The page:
Federal budget cuts curtail key programs at Stanford Linear Accelerator Center
BY DAN STOBER
Congressional spending cuts to Energy Department science budgets are forcing the Stanford Linear Accelerator Center to reduce its workforce and stop work on two key projects, Director Persis Drell said Monday, Jan. 7, during an all-hands meeting of SLAC employees.
SLAC is a federally funded research facility, operated by Stanford.
The laboratory's major high-energy physics experiment, known as the B-factory, or BaBar, will end in early March, seven months earlier than scheduled, significantly reducing the scientific yield from the successful experiment.
All work at SLAC related to the International Linear Collider stopped on Jan. 1 as a result of a 75 percent reduction nationwide in funding for research and development of the project.
SLAC will reduce its workforce by about 15 percent, the equivalent of 225 full-time positions, Drell said. Of these, 125 are due primarily to the cuts in funding to the particle physics programs.
The remaining 100 layoffs, many of which will be voluntary, had already been planned as part of an effort to shift the mixture of skills within the lab. Those 100 vacancies eventually will be filled by people with the skills needed for the Linac Coherent Light Source, or LCLS. That project, the backbone of future research at SLAC, is fully funded and continues to move forward.
"The highest priority for the future of this laboratory is the successful completion and operation of the LCLS," Drell said, adding that "both project and operations budgets have been protected and as a direct consequence our future as a laboratory is protected."
The workers being laid off will likely be notified in early February, and will continue working through early April.
"As a new laboratory director, delivering news of a major layoff—the largest layoff by far in the history of the lab—is certainly not the way I would have chosen to start my term," Drell told her workers. "The next weeks and months as we work through this will be stressful for every one of us at the lab. We all will be affected. While I cannot reduce the magnitude or the impact of the coming layoff, I can acknowledge how painful this will be and ask that everyone be respectful of and be aware of the stress that their colleagues are experiencing in this challenging period. The HR department will have support resources available to the lab community throughout this period."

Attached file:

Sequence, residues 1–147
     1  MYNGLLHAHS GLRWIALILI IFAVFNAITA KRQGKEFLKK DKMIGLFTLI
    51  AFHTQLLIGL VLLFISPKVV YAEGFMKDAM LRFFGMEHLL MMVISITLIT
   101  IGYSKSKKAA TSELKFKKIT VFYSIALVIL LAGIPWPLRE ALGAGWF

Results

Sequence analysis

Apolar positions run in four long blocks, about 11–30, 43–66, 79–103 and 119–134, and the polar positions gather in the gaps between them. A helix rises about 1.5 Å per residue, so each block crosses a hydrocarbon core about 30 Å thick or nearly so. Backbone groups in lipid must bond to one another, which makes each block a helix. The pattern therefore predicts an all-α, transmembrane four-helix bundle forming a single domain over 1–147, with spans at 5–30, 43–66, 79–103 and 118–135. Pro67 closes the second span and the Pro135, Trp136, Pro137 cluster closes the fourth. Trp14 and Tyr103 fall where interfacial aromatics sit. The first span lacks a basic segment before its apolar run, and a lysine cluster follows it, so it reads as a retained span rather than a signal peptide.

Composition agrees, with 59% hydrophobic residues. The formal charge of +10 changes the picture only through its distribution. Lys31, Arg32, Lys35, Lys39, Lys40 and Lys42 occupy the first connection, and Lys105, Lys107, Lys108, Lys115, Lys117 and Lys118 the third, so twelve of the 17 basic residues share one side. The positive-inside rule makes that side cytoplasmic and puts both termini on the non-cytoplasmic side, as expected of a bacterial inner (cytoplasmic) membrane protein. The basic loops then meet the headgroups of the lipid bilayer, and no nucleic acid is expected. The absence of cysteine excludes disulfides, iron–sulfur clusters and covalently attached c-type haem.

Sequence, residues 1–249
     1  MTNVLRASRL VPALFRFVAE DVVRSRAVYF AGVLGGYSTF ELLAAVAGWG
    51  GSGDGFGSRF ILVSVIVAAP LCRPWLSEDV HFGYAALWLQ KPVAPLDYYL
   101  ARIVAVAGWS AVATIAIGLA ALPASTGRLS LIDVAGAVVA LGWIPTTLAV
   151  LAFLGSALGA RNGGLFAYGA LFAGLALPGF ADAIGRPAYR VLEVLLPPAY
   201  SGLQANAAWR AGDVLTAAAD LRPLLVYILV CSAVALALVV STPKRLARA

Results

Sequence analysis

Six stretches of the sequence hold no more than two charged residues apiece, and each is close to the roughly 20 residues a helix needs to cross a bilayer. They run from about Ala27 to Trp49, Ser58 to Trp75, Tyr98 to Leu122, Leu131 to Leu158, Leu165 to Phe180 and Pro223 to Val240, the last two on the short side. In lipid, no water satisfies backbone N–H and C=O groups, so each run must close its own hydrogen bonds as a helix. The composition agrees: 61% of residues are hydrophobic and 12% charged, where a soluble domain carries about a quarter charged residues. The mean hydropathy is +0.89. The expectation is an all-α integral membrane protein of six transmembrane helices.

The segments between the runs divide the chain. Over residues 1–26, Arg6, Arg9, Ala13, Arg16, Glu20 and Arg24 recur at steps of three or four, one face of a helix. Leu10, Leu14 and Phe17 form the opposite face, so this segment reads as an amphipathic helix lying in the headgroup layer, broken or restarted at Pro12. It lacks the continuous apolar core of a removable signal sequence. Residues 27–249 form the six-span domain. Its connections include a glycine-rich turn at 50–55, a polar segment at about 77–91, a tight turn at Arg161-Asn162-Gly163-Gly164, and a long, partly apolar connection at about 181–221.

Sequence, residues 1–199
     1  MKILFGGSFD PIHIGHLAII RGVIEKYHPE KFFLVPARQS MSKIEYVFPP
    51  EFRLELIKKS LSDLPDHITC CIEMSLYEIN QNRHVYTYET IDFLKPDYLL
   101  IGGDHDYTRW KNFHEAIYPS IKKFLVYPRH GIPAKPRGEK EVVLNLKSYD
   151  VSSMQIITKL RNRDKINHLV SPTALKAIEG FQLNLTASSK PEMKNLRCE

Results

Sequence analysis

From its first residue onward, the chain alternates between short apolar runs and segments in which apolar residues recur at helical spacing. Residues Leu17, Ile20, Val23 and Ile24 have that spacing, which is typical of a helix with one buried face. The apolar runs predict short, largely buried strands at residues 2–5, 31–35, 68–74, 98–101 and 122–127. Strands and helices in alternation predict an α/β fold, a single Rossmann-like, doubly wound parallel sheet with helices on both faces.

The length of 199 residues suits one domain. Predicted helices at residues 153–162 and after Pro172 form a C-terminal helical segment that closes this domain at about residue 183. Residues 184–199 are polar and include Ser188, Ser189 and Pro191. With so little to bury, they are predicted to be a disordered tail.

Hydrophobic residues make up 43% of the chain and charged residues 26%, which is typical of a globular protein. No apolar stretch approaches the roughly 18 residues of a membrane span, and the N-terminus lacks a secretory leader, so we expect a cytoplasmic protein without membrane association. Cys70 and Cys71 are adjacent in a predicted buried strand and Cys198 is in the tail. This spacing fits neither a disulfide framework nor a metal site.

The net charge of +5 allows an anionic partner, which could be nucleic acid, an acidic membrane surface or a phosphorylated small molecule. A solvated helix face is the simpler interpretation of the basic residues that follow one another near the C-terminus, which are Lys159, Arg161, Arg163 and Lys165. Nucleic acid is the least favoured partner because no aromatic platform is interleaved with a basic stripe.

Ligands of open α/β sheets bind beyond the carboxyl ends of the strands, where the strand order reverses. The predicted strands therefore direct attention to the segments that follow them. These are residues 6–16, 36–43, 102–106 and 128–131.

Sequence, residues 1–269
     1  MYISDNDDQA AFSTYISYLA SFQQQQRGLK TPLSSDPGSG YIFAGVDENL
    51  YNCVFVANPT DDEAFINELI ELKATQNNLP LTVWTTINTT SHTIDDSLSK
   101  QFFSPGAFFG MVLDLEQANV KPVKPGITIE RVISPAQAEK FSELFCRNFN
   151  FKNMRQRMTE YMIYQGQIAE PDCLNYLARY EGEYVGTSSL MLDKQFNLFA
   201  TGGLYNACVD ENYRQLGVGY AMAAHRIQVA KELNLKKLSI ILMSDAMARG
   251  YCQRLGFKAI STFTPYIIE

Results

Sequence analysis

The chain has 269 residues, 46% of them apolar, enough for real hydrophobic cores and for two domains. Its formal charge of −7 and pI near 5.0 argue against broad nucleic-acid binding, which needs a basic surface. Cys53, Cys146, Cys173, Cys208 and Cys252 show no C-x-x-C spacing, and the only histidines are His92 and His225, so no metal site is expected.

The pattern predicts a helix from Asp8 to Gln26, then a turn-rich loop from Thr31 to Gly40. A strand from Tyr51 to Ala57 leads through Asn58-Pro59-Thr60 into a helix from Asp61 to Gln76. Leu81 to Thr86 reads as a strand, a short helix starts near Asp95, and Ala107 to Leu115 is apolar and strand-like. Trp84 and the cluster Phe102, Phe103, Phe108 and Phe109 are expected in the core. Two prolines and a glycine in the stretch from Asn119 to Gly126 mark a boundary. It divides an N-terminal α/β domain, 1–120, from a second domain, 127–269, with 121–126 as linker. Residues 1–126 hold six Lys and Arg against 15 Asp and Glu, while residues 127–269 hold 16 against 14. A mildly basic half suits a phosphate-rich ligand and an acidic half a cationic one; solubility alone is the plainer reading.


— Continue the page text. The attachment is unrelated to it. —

The Linac Coherent Light Source remains on track to become the world's first operational hard X-ray free-electron laser. It will open new scientific frontiers nationally and internationally. Construction is under way, with operations scheduled to begin in late 2009. In addition, the LCLS Ultrafast Science Instruments project gets significant new funding in FY08.
The Stanford Synchrotron Radiation Laboratory (SSRL) user facility, a synchrotron light source, will continue operations but with some reduction in operating hours due to budget shortfalls. The facility produces beams of X-rays used by 2,000 scientists to study the structure and functions of a broad range of materials, from proteins to semiconductors. The shortfall will reduce the number of experiments carried out from 1,300 in FY07 to about 1,000 in FY08.
The laboratory's new photon science institutes, PULSE and XLAM, will have to scale back their plans for growth in FY08. PULSE, the Photon Ultrafast Laser Science and Engineering Center, designs experiments for the LCLS and studies ultrafast atomic-scale processes. The X-ray Laboratory for Advanced Materials studies the atomic-scale properties of new materials. Both centers are jointly operated by SLAC and Stanford University.
Despite the budget cuts, SLAC will remain a leader in scientific research with a strong, diverse set of programs. The lab continues its pioneering work in photon science, particle astrophysics, accelerator research and particle physics.
"We will emerge from this challenging year with a scientific program at the laboratory that is refocused to align with new funding realities," Drell said. "With the strong commitment and support of the lab management to the SLAC Improvement Initiative, the programs will be better and more effectively supported by the management and operations functions at the lab. We will have the strong support of Stanford University throughout this process. The university is an important participant in the SLAC improvement initiative. We are actively looking at new areas of scientific collaboration with the main campus."